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resource management 1

  A broad multidisciplinary area or programme of study focusing on the management of natural resources. This includes both renewable and non-renewable resources that are managed by private enterprise, public-sector agencies or community-based forms of management. It seeks to:

{img src=show_image.php?name=2022.gif } explain the processes (physical, socioeconomic, cultural and political) involved in resource supply, exploitation and consumption; {img src=show_image.php?name=2022.gif } analyse the allocation of resource products and services over space and time; {img src=show_image.php?name=2022.gif } evaluate management systems, policies, programmes and practices; and {img src=show_image.php?name=2022.gif } develop alternative management strategies and evaluatory tools.Although issues of resource management have a long history (see conservation), the recognition of resource management as a distinct area of inquiry has occurred largely since the 1960s with the growth of environmentalism. It is sometimes seen as a sub-field of environmental management, and sometimes the terms appear to be used interchangeably. Contemporary resource management is linked closely to the notion of sustainable development. It is often seen as part of the technocratic approach to looking at human-nature relationships and is sometimes opposed by environmentalists who believe that humans should manage themselves and their consumer lifestyles, rather than attempting to manage nature as a resource for human purposes. Nesmith and Wright (1995) emphasize the gender dimensions of resource management, and argue that women have played key roles, over many years, in moving towards more participatory forms of resource management and towards sustainability. Wolfe-Keddie (1995) and Aplin (1998) highlight the importance of indigenous people in resource management over many years.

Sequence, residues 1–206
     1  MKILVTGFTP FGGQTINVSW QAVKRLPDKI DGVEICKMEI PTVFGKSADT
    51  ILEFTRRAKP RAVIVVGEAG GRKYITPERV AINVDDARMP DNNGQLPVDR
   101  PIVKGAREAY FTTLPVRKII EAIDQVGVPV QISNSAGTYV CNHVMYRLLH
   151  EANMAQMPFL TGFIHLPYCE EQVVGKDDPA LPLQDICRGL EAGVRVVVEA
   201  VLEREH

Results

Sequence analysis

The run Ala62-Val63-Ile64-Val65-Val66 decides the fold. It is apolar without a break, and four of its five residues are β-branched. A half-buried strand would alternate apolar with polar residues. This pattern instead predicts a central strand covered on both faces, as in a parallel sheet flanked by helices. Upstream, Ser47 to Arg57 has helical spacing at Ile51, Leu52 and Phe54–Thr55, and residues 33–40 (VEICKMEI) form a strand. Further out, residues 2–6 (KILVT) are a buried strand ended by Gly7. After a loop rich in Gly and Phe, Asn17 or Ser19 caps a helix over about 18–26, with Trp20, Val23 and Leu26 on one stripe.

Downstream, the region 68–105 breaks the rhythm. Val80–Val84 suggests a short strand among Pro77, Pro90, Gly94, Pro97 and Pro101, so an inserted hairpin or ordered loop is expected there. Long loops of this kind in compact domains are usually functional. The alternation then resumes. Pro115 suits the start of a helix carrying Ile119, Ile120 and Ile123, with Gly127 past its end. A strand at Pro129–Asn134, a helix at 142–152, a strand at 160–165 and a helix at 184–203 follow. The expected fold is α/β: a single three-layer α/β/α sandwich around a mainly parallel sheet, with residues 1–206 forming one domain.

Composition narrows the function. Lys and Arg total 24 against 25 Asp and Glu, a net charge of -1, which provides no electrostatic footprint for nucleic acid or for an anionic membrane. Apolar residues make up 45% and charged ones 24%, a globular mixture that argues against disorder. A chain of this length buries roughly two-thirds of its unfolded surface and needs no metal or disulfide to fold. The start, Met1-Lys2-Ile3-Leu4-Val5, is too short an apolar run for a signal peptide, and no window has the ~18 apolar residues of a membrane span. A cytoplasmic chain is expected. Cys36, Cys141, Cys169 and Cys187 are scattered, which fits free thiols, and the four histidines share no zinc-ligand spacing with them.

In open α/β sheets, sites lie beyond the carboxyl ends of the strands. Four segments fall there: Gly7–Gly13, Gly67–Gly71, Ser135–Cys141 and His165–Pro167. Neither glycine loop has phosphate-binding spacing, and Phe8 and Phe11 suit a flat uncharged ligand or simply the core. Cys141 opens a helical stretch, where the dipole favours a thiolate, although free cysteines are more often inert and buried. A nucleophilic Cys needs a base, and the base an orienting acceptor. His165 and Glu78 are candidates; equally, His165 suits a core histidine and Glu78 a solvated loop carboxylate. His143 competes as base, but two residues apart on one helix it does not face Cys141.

Despite these conceptual changes, the multidisciplinary field of resource management sometimes fails to address the complex interrelationships between physical, social, economic and political systems. This is particularly the case when resource management is seen as the application of scientific fact (often ignoring cultural considerations), and when the field becomes very specialized into the management of specific resources, e.g. water management. Geographers have participated in the field of resource management primarily through resource analysis, but increasingly there is work on environmental values and perceptions of resources (Nesmith and Wright, 1995).

Johnston (1983) investigated the potential for integration of human and physical geography through this field, but found that the case for links across the human/physical divide remained weak in comparison to links with related disciplines, e.g. sociology. The attempt to unite human and physical geography by using aspects of the environment (as done by Manning, 1990, in relation to sustainable development) has been a recurring theme in the discipline of geography, but has to date met with little success.



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Other Terms : post-Marxism | critical rationalism | classification and regionalization
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